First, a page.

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  • April Griffin

Anger - the most misunderstood and least popular emotion

Updated: Dec 4, 2020

Anger is a widely misunderstood subject- anger brings up images of rage and violence that are often negative and rarely evoke positive images. Anger is one of the main reasons people come to counselling.

You may find yourself easily angered so much that is comes up like an automatic response or a knee jerk reaction. For other people you might find yourself rarely outwardly angry at others, and instead direct your anger inwards towards yourself.

How can anger manifest itself so differently from person to person? When is anger acceptable? Should I try to control my anger, or is it better to let it out?

These are questions that has been thought about across cultures by experts and everyday people alike.

First off, it is important to remember that anger, like all emotions, is a valid, and healthy emotion.

Anger is a signal to ourselves that a boundary has been crossed, protection is needed.

Anger is felt bodily, and these feelings in our body can be clues to help us detect our anger so we can take wise action. We may feel hot, tightness in our chest, increased heart rate and an urge to stand up to others, hit or yell; this is our fight response. This response is hard-wired into our brain and body and helps protect us from danger instinctively with little response time.

Anger is a signal to others. Whether we are aware of being angry or not- our body signals of anger tell others to stay away, to listen to us, or to do what we say.

Anger can be expressed in helpful ways to assert one's rights individually and collectively, but it can be expressed in harmful ways for example in situations of intimate partner violence. With mindful awareness we can slow down and choose expressions of our anger that can both express our needs and respect others.

Every culture, workplace and community has different thresholds and ways of expressions of anger that are acceptable; acceptable forms of expression may be different depending on gender, social status or profession. For example for women in western/European culture it is less acceptable to express anger directly than it is if you are man.

Expressing too much anger can cease to be effective due to cultural and social norms and result in consequences, rejection, or challenge depending on the situation and your status and identity. To put it simply: helpful expressions of anger in one context could be unhelpful in other situations.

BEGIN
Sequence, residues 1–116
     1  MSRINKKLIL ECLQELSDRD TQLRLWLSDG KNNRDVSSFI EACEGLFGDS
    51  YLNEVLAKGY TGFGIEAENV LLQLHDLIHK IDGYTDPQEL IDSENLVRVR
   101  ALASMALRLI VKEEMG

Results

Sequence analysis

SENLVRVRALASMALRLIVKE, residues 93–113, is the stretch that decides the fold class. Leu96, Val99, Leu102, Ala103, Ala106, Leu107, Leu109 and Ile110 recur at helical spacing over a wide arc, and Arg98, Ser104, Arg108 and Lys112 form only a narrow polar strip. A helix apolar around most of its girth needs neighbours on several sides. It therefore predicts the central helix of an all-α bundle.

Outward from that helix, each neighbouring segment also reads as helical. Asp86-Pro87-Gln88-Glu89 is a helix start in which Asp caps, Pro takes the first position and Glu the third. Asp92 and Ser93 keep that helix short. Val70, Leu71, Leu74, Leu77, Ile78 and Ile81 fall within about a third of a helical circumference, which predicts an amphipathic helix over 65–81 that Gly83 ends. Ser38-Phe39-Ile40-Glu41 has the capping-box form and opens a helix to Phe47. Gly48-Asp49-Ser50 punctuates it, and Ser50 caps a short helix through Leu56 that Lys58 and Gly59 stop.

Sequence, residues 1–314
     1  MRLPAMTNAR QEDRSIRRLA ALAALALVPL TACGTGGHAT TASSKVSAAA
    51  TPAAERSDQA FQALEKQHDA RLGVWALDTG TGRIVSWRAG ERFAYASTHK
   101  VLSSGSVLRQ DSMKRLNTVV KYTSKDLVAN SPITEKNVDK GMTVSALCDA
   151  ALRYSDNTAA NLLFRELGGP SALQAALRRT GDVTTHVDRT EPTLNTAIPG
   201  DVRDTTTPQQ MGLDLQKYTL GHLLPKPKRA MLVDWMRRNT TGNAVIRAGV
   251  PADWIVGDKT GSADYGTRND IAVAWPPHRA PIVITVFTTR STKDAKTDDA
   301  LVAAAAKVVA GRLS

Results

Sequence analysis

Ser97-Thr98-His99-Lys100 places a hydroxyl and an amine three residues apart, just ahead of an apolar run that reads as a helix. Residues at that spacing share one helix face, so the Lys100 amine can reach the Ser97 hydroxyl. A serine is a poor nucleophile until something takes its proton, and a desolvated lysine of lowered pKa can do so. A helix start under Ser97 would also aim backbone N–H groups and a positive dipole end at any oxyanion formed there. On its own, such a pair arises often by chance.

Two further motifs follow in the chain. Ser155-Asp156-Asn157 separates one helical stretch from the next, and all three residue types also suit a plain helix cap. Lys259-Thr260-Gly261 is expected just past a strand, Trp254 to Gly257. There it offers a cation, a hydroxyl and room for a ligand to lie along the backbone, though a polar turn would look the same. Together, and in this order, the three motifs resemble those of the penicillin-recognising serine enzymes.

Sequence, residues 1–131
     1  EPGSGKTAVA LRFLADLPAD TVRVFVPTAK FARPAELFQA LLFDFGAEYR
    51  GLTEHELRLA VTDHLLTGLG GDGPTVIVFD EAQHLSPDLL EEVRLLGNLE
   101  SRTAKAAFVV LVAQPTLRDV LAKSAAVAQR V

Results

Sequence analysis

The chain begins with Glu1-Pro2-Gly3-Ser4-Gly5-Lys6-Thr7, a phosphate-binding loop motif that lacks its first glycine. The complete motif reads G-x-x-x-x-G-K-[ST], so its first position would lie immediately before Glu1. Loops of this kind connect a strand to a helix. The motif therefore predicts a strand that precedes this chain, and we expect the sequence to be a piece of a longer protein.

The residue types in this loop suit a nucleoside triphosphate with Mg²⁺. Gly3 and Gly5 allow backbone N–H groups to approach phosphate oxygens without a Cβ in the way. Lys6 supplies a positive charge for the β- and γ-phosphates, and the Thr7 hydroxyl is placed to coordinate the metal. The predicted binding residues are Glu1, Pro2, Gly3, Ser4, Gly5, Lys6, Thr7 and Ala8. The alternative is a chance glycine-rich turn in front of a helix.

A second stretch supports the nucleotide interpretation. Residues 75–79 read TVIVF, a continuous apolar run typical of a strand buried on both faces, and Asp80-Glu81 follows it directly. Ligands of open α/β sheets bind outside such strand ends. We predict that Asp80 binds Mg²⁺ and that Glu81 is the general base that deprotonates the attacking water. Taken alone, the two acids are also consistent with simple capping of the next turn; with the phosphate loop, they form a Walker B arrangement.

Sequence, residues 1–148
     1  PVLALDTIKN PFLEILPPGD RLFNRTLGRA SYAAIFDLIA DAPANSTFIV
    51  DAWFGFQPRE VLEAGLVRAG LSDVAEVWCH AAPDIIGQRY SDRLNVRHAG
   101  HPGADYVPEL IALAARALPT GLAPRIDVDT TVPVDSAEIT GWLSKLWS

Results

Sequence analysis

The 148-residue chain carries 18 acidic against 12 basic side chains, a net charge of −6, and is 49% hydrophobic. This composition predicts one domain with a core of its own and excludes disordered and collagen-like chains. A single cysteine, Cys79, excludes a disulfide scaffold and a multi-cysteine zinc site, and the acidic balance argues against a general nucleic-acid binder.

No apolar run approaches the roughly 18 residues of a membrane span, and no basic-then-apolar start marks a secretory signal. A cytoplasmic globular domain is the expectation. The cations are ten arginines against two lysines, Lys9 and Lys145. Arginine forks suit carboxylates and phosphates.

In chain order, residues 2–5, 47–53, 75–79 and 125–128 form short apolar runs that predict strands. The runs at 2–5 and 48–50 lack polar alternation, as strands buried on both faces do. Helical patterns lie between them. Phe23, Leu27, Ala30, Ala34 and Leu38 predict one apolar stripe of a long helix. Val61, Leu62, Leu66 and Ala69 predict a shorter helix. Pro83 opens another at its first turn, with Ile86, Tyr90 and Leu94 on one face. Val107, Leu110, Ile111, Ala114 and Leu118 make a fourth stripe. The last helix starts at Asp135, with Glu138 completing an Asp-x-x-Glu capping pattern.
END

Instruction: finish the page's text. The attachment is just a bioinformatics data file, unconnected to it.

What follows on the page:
Some expressions of anger can be hurtful or harmful to others even it is acceptable in your family. For example verbal abuse towards others is psychologically harmful to children even if it is tolerated by members of a family.

Some people believe it is helpful to “vent” or express your anger fully. However, this is not helpful if others are harmed or if it fuels more intense anger and thoughts that justify hurting or harming others.

Expressing anger can be helpful when it results in good boundaries, self and collective advocacy, and when its expression leads someone to understand and mourn what is underneath the anger.

If you find your anger is harming your relationships than it is time to seek a deeper understanding of what is behind your anger and find healthy ways to express yourself.

Anger is often considered to be a secondary emotion meaning that, before someone is angry, likely they experienced another emotion first or underneath. For example, if a child is angry that a classmate called her a name, it is likely that underneath she also feels sad and hurt.

This exploration of hurt may lead you to dig deeper into your past, understand patterns of coping in your family of origin, intergenerational oppression and trauma, process old wounds and hurts, and find tools to express your anger in healthy ways.

Reach out today if you want to dig deeper into understanding how to understand and transform your anger in a new way.

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